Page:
GameTunnel interview on IndieGames

Discussion in 'Indie Business' started by cyrus_zuo, Jan 22, 2008.

  1. cyrus_zuo

    cyrus_zuo New Member

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    Thanks! I appreciate the kind remarks.

    I heard today that the awards got mentioned in Play magazine this month. Need to see if I can find a copy :)
     
  2. Chris Evans

    Moderator Original Member

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    I'm not huge fan of all the "Web 2.0" trends myself, particularly the ones that rely on the distribution/exploitation of copyrighted material, but that's another discussion...

    But in moderation, I think certain Web 2.0 features can be useful. Especially since some are becoming standard and users expect them.

    I don't see how freeware and webgames can drive conversation yet regular downloadable games can't? Maybe free games might be able to drive a higher volume, but try/buy games should be able to spur conversation as well especially since the games are usually of higher quality.

    You're right that just sticking a "Comment on this Article" button doesn't automatically generate reader feedback. Readers need to be pulled in or compelled to start a discussion. For example, the news articles on GT are basically PR postings from devs so the articles end up reading like advertisements or they're very bland (I should know I've submited several articles!). I remember right before DIY kicked the bucket, the comments on their news articles were picking up. Greg did a good job of summerizing the Indie news and giving it some context. Too bad the site updates dried up soon after.

    In addition to providing excellent reviews and monthly roundups, I think GT should try to give more context to the Indie scene. Because of DIY I learned about Moonpod and realized they were respected Indie developers even though I had never played their games at the time. I learned about Mark Currie and his RTS Trash and how some of his forum members were madly in love with him. I also learned that They Came From Hollywood was basically the Indie version of Duke Nukem Forever.

    Because of the context, the games weren't just faceless creations on a download/news site anymore. For instance, I wanted to know what Moonpod was working on next. What antics would Mark Currie's forum members do next? What would Octopus Motor's latest excuse be for why they hadn't released They Came From Hollywood yet?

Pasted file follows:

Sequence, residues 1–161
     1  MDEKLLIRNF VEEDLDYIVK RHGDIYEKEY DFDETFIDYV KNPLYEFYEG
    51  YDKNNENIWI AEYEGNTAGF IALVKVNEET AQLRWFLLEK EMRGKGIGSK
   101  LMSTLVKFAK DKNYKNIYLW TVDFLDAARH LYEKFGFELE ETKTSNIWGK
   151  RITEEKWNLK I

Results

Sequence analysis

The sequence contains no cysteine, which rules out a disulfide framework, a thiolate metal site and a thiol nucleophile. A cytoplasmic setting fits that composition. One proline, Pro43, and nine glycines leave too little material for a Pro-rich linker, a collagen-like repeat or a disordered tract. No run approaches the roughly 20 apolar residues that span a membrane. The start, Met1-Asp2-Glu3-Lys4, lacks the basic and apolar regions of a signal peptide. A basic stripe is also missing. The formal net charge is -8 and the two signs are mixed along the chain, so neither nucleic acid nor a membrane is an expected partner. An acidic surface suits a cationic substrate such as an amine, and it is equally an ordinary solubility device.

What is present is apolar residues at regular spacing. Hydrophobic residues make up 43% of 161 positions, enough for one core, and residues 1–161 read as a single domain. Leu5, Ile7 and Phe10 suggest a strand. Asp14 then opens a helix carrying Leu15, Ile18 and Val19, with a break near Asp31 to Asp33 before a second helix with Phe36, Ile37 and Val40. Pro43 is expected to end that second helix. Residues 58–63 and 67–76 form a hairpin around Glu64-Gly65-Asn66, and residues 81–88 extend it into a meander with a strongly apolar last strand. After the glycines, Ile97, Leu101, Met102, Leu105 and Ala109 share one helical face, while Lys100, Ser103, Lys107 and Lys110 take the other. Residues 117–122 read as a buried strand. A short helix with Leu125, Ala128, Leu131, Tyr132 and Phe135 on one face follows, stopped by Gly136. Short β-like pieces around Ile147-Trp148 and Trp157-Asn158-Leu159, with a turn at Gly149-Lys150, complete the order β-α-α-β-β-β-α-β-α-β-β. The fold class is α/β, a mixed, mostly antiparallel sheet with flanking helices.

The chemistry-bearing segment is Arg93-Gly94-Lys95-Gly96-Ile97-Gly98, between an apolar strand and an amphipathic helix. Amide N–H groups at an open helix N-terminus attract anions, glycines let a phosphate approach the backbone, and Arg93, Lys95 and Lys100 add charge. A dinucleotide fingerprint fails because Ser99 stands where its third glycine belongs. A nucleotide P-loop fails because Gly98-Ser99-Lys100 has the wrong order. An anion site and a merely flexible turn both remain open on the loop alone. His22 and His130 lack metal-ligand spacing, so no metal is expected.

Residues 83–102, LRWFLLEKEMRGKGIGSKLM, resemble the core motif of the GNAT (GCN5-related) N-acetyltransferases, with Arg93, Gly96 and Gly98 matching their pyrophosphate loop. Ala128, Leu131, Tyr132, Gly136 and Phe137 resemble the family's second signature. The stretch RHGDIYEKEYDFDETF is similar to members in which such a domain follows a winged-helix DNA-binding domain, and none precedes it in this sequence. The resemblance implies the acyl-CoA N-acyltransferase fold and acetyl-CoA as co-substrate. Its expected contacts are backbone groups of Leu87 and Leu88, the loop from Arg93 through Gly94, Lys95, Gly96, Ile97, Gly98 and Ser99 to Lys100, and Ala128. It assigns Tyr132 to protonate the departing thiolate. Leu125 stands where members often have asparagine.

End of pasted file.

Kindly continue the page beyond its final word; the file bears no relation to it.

I may be in the minority but I just don't subscribe to the theory that just because a few mainstream magazines post Indie reviews every once and while, that negates the entire need of a quality Indie game website.

    The Indie scene just needs a narrative. If people see and understand there's an Indie sub-culture, they'll get more invested and particpate more. I think that's one of the reasons TIGSource does well is because they're constantly educating their audience about the games and the creators behind them. Ideally you want people to visit your site not just to download games, but also to find out what's gong on the Indie scene. After all, I don't pickup an issue of PC Gamer to find out what game I need to purchase. I'm not looking for simply a Buyer's Guide. I read PC Gamer and other mags to find out about interesting upcoming games and what I should be hyped about. I read to find out review scores of those hyped games and see if there are any other gems that I should check out. If you notice magazines spend a huge portion of their content on generating hype to tell readers why they should be interested in those games. The actual reviews usually only occupy about 10% or less of the magazine. Hype sells magazines.

    I'm not saying GT should be filled with fluff pieces. But I think the downside of GT being a review-centric site is that people just come to see what's worth downloading and then they leave. Outside of the year-end awards, GT doesn't really excite readers about Indie games. There isn't even a previews section on GT anymore. Mainstream magazines/sites like PC Gamer, GameSpy, and etc may occassioinal post some Indie reviews, but they'll never dig deep into the Indie scene. They'll rarely(never?) dedicate any decent preview space for an Indie game. They won't interview any Indie developers unless they have a big publisher behind them. They rarely mention what previous games the developer worked on. Heck, a lot of times BigFish gets listed as the developer for Indie games in mainstream mags.

    So I personally think there's still space for an Indie website focused on downloadables. It's just a story needs to be told (or possibly written) about the Indie game scene. Tell me what Cliffski's next game is and if he wears boxers or briefs. And tell me what he would do if he saw a game pirate walking down a street. Get me hyped up about some upcoming Indie games.